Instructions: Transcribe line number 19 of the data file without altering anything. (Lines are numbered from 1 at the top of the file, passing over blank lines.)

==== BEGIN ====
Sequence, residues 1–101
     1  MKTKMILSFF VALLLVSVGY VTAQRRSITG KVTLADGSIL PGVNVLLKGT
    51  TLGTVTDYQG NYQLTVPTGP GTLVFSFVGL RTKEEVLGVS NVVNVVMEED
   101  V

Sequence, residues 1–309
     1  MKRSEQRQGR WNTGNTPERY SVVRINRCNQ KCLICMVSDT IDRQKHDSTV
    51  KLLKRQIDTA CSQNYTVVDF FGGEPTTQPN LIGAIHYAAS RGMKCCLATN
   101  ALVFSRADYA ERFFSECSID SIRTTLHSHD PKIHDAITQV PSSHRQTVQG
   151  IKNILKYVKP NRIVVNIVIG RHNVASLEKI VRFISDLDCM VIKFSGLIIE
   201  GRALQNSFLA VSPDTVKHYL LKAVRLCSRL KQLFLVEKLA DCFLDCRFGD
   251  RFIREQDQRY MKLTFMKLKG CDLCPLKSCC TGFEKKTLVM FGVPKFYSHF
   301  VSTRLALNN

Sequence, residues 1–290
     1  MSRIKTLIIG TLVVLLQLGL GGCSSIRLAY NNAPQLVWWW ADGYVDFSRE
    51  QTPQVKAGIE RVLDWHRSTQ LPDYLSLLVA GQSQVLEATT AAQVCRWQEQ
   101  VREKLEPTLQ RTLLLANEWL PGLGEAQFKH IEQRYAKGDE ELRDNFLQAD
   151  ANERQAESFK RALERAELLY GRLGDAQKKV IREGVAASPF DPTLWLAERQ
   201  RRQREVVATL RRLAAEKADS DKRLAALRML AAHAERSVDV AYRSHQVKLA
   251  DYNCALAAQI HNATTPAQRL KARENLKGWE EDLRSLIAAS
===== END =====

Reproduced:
   251  DYNCALAAQI HNATTPAQRL KARENLKGWE EDLRSLIAAS